One of the things about urban campaigning that I don't miss was that finding things was pretty easy. Streets are clearly named, houses have numbers. Villages are not always like that and, as a result, canvassing can be made rather more difficult than it might be. Barking is like that, a long, fairly linear village, where there are very few numbers - Fox Meadow and Tye Green are the only two clusters that come immediately to mind. So, how do you find them? What you need is a map. Technology will help to a certain extent, but local knowledge is far better.
Thursday saw me canvassing postal voters. There are approximately 250 postal voters in Barking and Somersham ward, and as the turnout among such voters tends to be about 75% in Mid Suffolk, as opposed to a more likely 30% among those obliged to vote in person, if you can do well with postal voters, you have a decided advantage. And, because they vote early, you have less time to canvass them. Thus, I wasn't knocking on every door - I had some particular addresses to find.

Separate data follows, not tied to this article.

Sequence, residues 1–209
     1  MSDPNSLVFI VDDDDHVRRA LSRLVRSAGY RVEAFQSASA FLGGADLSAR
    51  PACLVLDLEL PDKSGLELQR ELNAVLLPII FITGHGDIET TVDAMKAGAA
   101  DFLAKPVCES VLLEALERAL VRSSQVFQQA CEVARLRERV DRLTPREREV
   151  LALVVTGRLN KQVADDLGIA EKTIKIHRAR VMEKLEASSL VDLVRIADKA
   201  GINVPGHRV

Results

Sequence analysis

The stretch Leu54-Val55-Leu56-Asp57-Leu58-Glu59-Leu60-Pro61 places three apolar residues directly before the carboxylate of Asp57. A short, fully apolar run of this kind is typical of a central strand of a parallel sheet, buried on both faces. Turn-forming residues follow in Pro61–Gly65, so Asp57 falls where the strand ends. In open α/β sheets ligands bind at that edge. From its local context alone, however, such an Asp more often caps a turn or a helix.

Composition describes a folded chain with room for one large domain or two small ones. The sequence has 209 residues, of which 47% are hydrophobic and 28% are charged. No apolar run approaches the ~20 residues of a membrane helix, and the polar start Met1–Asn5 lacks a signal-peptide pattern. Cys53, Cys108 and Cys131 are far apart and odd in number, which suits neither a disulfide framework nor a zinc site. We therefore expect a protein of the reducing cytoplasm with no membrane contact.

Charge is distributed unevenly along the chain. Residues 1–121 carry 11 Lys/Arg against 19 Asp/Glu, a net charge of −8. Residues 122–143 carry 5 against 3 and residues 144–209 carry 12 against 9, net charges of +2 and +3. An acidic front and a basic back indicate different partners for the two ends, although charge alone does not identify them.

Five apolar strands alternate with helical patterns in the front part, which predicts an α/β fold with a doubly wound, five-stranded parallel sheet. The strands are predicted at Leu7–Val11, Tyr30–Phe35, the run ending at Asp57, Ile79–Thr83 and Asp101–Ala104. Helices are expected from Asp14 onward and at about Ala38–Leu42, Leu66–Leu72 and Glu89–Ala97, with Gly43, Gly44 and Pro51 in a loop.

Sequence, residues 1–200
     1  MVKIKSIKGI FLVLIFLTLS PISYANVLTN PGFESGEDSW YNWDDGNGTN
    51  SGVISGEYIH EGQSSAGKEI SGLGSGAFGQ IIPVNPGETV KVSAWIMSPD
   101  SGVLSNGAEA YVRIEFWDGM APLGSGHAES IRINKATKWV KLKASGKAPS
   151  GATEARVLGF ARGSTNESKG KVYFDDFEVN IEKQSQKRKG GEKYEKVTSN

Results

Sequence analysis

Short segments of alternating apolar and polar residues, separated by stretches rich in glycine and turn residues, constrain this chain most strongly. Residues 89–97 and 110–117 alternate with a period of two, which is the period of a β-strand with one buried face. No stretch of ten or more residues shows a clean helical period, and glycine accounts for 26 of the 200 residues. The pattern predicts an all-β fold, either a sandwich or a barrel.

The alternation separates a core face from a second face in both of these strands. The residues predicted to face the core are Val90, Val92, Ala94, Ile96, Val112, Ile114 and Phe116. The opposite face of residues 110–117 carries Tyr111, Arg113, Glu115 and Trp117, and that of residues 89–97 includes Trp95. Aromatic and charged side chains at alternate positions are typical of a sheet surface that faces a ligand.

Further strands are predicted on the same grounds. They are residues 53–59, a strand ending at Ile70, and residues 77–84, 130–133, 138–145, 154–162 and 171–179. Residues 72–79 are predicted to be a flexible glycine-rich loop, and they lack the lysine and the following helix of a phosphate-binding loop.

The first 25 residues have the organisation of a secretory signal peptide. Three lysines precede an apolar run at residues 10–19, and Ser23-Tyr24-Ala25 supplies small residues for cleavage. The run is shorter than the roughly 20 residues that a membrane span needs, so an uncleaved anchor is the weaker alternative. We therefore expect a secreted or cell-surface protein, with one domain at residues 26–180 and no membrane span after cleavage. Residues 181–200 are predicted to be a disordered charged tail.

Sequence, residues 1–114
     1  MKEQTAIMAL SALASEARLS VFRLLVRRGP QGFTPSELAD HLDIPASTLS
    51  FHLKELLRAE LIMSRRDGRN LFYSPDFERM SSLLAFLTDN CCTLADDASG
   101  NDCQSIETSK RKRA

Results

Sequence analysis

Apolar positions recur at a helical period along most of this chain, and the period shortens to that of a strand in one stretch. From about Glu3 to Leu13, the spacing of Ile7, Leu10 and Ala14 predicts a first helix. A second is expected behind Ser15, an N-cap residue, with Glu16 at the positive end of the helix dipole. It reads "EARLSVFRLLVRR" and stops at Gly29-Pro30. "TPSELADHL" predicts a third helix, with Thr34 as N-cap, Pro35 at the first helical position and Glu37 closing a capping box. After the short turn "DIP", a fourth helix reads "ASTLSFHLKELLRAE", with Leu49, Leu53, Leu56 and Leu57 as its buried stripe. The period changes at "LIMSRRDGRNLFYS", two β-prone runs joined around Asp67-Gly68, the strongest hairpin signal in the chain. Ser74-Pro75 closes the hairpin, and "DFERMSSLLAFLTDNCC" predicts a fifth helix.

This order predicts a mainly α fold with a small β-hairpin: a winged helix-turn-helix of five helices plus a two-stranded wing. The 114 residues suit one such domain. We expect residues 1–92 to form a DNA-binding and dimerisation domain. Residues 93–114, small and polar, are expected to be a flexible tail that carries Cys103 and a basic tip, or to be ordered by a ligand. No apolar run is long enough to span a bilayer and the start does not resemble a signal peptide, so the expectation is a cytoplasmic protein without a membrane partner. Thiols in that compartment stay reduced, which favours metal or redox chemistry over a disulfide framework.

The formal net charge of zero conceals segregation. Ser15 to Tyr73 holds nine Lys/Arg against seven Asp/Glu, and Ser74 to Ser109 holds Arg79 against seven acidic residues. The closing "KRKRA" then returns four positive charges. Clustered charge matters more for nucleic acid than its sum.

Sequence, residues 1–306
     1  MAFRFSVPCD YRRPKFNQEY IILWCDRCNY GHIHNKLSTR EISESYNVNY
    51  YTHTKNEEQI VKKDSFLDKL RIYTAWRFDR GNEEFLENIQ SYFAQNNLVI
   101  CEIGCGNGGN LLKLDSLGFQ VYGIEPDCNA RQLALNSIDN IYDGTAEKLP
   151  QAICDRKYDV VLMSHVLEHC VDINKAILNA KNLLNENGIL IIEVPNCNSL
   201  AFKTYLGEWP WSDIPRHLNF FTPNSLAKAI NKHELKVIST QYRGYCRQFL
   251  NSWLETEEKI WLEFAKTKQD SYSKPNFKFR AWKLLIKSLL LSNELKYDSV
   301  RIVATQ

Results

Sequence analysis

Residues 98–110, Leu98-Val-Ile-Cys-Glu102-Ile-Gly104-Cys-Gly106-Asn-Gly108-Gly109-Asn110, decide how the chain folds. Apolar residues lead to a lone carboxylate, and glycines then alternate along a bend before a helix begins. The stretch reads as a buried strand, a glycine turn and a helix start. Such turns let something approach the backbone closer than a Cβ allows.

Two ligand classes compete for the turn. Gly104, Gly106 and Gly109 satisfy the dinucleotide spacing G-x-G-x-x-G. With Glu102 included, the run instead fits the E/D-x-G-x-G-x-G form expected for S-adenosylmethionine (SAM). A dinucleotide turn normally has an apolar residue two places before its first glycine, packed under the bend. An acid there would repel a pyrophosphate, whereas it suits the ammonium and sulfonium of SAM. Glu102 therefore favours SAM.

The evening started off well, if somewhat accidentally, when I knocked on the first door, only to find that the postal voter listed had moved. However, the very friendly lady who answered the door seemed happy to tell me that I could count on her support.
I made my way northwards, until I ran into a voter who had been helped by the outgoing Conservative Councillor. Not a natural Conservative, she was a reminder that, in rural seats, a record of hard work and attentiveness to local issues can trump political allegiance. Note that I use the word 'can', as it isn't a given, but it does help, especially in the world of rural districts, where wards are small (about 1,800 in Mid Suffolk) and issues more personal.
Into the second week, I was beginning to build some momentum...